have to be made on both the merits and the environmental implications of any
development proposal. There are significant issues around how international and
national obligations on climate change and sustainability will be addressed by
It would be helpful if DECC, DEFRA and CLG, in partnership, could monitor the broader climate-change and sustainability implications of localised decision-making to ensure international obligations and national policies are being met. Additionally the government could establish a nationally focused Land-Use Research Intelligence Unit to liaise across all government departments to monitor policy changes and the implications for long-term land take. Finally, it will be important to promote knowledge sharing and communication in communities through the establishment of local ‘sustainability centres’ that promote good practice on land use and the environment, energy-saving measures and open discussion on land-use changes and pressures.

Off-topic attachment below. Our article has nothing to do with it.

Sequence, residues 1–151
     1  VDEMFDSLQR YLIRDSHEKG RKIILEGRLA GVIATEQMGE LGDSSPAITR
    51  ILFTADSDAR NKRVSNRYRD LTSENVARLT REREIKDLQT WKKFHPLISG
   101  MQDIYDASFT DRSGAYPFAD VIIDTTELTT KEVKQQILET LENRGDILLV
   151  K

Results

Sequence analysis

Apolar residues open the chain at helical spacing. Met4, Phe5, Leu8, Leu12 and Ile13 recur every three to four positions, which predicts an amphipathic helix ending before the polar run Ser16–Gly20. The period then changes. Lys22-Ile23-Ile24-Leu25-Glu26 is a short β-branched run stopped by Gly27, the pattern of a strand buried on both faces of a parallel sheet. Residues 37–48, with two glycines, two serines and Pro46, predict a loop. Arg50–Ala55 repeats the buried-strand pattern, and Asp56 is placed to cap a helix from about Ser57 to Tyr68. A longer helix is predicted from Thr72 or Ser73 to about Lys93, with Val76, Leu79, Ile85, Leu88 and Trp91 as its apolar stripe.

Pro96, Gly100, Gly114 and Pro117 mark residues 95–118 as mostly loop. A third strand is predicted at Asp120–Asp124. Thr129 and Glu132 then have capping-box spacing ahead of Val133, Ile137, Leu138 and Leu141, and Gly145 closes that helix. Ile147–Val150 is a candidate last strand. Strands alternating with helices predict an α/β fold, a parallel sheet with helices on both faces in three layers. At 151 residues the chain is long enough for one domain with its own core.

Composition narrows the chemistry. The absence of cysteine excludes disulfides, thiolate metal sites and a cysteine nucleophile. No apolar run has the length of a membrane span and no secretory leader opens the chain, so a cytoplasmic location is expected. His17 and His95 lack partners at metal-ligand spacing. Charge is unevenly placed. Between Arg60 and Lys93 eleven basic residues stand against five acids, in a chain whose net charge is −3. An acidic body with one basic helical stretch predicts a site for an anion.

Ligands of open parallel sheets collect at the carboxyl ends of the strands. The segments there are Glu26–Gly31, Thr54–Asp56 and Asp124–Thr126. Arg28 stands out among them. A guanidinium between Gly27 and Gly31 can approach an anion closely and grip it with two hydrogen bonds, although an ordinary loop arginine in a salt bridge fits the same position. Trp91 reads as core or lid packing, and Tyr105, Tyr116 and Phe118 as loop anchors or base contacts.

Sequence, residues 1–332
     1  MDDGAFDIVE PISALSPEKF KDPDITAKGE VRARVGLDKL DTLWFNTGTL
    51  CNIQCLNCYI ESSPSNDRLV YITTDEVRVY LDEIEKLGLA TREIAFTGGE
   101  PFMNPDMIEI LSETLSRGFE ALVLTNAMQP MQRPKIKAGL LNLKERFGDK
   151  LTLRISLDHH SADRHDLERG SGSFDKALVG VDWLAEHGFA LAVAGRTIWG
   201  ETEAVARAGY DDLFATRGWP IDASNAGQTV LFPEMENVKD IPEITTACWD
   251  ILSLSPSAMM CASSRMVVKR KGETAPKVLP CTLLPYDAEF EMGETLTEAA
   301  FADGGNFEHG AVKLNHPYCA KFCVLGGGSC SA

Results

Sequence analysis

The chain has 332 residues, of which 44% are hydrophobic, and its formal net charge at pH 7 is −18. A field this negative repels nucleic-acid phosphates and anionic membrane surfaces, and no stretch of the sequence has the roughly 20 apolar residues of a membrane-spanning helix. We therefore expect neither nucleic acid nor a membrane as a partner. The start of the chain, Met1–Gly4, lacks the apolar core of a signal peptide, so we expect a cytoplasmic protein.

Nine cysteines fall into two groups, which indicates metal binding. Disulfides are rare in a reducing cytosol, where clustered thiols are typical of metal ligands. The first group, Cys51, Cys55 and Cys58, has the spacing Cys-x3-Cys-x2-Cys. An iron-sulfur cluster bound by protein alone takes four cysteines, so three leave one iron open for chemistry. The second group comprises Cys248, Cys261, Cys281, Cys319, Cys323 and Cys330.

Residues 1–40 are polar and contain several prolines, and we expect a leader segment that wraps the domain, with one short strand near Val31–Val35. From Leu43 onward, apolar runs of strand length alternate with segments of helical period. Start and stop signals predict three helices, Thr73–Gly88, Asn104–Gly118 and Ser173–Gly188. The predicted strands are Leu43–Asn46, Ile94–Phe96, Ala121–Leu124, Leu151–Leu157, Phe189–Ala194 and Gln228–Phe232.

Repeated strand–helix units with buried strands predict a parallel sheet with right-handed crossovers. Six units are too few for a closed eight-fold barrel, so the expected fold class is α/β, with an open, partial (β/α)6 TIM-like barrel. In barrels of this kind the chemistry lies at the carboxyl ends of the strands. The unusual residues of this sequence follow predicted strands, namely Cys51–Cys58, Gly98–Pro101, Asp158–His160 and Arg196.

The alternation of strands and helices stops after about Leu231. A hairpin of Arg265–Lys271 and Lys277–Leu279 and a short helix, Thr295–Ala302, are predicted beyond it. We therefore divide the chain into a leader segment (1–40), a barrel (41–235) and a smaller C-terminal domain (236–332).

Mark Tewdwr-Jones (UCL Bartlett School of Planning), Professor of Spatial Planning & Governance
UCL's Professor Paul Ekins on the role of taxation and government spending in achieving a sustainable economy.
In January 2011, Paul Ekins contributed an article to the Daily Telegraph's series on the Age of Energy, published alongside an article by Secretary of State Philip Hammond on the importance of green transport.
Page last modified on 24 mar 11 12:18